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AuthorGörler, Tobiasdc.contributor.author
Date of accession2016-03-15T06:23:22Zdc.date.accessioned
Available in OPARU since2016-03-15T06:23:22Zdc.date.available
Year of creation2009dc.date.created
AbstractMicroinstabilities are one of the key physics problems on the way to efficient nuclear fusion power plants. They cause anomalous heat and particle transport which significantly degrades the plasma confinement, thus preventing self-sustaining plasma burning in present-day experiments. Due to their complex dynamics and highly nonlinear character, the underlying equations can only be solved numerically, and corresponding computations would not be feasible if all involved space and time scales were to be considered. However, in this context, multiscale approaches allow for a reduction to the relevant domain of interest and are used in the plasma turbulence code GENE. The latter numerically solves the gyrokinetic Vlasov-Maxwell system of equations and has been significantly extended during this thesis project by relaxing the local approximation in the radial direction. An important application of the code is the investigation of coupled microturbulence on different space and time scales which are not affected by the gyrokinetic approximation. Traditionally, much of the heat transport and thus the confinement degradation in fusion experiments is attributed to microturbulence with wavelengths of the order of the ion gyroradius. However, several recent theoretical and experimental findings indicate significant contributions originating from the considerably smaller electron gyroradius scales and hence motivate simulations covering both ion and electron spatial and temporal scales self-consistently. It is found that for realistic ion heat flux levels and in the presence of unstable electron temperature gradient driven modes, there tends to be a scale separation between electron and ion thermal transport. In contrast to the latter, the former may exhibit substantial or even dominant small-scale contributions. Furthermore, it is investigated in which way this behavior is reflected in several experimentally accessible quantities, including frequency or density spectra.dc.description.abstract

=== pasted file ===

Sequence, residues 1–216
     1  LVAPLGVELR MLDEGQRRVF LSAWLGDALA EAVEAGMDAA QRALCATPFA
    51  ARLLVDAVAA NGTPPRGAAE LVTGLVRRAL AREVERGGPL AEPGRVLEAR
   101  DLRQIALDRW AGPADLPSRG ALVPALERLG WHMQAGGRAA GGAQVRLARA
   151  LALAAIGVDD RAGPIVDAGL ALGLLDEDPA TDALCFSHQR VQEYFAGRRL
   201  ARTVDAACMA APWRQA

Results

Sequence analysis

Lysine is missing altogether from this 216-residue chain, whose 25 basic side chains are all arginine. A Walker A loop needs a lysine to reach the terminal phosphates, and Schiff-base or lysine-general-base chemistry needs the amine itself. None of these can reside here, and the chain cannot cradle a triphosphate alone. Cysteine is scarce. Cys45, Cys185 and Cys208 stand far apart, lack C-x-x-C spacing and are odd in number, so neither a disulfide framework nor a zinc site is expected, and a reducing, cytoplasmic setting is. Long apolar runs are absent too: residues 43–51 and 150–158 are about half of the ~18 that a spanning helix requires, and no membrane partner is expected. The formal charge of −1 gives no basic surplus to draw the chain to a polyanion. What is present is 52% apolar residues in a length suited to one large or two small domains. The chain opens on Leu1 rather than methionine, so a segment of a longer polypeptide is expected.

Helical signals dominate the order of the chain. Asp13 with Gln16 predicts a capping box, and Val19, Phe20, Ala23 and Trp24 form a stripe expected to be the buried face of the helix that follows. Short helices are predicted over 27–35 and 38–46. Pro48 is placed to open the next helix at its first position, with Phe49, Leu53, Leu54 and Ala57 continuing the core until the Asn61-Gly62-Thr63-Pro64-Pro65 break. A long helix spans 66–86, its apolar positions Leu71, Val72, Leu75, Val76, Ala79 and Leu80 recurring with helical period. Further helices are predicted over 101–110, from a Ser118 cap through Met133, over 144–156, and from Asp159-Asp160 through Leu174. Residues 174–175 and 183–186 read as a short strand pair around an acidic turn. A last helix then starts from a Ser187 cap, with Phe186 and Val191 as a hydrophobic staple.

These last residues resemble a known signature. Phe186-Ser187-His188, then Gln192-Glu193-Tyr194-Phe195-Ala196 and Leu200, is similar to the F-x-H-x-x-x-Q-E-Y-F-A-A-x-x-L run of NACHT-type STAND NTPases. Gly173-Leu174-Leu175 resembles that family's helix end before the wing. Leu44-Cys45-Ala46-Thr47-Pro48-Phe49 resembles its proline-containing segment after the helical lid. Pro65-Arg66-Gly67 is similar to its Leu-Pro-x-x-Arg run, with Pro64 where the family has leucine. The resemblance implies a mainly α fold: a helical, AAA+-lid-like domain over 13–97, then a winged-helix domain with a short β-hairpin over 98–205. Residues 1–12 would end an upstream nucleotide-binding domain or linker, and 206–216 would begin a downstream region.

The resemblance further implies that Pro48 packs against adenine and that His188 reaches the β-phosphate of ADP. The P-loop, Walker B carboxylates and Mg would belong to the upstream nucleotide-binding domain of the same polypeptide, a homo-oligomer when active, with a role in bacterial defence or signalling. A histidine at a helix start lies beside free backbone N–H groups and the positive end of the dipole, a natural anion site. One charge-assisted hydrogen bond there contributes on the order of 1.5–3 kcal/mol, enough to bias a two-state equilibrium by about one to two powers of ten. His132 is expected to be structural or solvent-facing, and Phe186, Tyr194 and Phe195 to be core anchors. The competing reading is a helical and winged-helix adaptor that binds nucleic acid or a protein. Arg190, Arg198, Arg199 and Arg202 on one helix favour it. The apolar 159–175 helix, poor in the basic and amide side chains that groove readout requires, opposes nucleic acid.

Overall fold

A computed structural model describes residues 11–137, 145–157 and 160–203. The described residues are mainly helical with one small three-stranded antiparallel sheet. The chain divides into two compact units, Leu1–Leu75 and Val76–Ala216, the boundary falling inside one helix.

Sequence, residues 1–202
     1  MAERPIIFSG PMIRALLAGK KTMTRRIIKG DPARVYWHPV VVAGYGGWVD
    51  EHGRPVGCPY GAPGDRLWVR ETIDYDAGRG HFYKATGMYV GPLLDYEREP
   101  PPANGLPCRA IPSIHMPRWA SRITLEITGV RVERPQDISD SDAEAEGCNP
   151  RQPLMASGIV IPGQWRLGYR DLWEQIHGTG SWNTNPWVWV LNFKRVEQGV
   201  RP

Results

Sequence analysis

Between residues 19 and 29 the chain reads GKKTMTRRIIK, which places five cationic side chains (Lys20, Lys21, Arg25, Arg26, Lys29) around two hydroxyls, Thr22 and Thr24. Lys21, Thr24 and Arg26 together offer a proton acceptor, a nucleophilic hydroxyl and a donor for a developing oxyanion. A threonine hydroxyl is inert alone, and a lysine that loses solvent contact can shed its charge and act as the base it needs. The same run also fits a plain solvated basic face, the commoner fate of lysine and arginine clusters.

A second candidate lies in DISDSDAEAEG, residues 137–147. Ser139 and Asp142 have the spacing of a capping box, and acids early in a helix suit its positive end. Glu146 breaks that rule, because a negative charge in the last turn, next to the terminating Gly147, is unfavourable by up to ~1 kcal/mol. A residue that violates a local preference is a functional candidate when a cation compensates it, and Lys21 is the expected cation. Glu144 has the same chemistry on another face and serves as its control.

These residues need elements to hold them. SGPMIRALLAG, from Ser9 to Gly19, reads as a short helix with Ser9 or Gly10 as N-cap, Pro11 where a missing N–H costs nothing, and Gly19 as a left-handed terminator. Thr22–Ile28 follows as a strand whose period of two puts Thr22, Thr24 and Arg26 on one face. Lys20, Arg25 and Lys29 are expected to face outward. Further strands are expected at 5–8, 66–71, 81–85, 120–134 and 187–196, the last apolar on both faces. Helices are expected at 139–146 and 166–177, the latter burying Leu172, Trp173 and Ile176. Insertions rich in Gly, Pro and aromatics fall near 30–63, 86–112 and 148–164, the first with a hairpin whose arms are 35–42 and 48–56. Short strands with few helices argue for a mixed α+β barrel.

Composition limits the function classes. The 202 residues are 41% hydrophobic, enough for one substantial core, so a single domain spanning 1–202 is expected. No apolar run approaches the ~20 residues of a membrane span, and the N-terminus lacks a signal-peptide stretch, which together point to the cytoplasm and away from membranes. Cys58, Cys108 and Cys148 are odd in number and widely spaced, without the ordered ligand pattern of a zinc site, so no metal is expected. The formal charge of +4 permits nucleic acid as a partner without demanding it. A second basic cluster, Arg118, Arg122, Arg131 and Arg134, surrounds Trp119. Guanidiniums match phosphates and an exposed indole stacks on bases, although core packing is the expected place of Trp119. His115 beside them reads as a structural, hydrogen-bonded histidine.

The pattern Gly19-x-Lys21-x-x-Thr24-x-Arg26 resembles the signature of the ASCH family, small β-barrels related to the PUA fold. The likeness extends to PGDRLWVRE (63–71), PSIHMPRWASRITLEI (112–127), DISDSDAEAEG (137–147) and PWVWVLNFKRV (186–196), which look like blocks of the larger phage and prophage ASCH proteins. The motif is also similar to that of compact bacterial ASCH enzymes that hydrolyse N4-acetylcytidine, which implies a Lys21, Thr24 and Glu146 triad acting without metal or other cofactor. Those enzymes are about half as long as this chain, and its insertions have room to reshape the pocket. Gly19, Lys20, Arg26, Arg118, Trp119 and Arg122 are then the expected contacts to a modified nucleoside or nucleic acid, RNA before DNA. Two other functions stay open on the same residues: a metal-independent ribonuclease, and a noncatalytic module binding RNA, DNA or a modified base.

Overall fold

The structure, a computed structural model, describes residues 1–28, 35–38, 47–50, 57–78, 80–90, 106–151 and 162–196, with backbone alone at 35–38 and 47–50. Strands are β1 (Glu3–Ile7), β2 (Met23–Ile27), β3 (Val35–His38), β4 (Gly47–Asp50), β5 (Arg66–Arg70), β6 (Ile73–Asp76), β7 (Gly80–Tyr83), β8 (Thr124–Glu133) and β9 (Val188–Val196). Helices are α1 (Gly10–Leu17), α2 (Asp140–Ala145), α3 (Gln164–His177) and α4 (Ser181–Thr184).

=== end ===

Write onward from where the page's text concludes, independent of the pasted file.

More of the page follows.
Languageendc.language.iso
PublisherUniversität Ulmdc.publisher
LicenseStandard (Fassung vom 01.10.2008)dc.rights
Link to license texthttps://oparu.uni-ulm.de/xmlui/license_v2dc.rights.uri
KeywordGyrokineticsdc.subject
KeywordPlasmaturbulenzdc.subject
Dewey Decimal GroupDDC 530 / Physicsdc.subject.ddc
LCSHNuclear fusiondc.subject.lcsh
LCSHPlasma physicsdc.subject.lcsh
LCSHPlasma turbulencedc.subject.lcsh
TitleMultiscale effects in plasma microturbulencedc.title
Resource typeDissertationdc.type
DOIhttp://dx.doi.org/10.18725/OPARU-1829dc.identifier.doi
PPN618495622dc.identifier.ppn
URNhttp://nbn-resolving.de/urn:nbn:de:bsz:289-vts-71815dc.identifier.urn
GNDKernfusiondc.subject.gnd
GNDMehrskalenmodelldc.subject.gnd
GNDPlasmaphysikdc.subject.gnd
FacultyFakultät für Naturwissenschaftenuulm.affiliationGeneral
Date of activation2010-01-28T14:43:25Zuulm.freischaltungVTS
Peer reviewneinuulm.peerReview
Shelfmark print versionZ: J-H 13.530; W: W-H 11.964uulm.shelfmark
DCMI TypeTextuulm.typeDCMI
VTS ID7181uulm.vtsID
CategoryPublikationenuulm.category
Bibliographyuulmuulm.bibliographie


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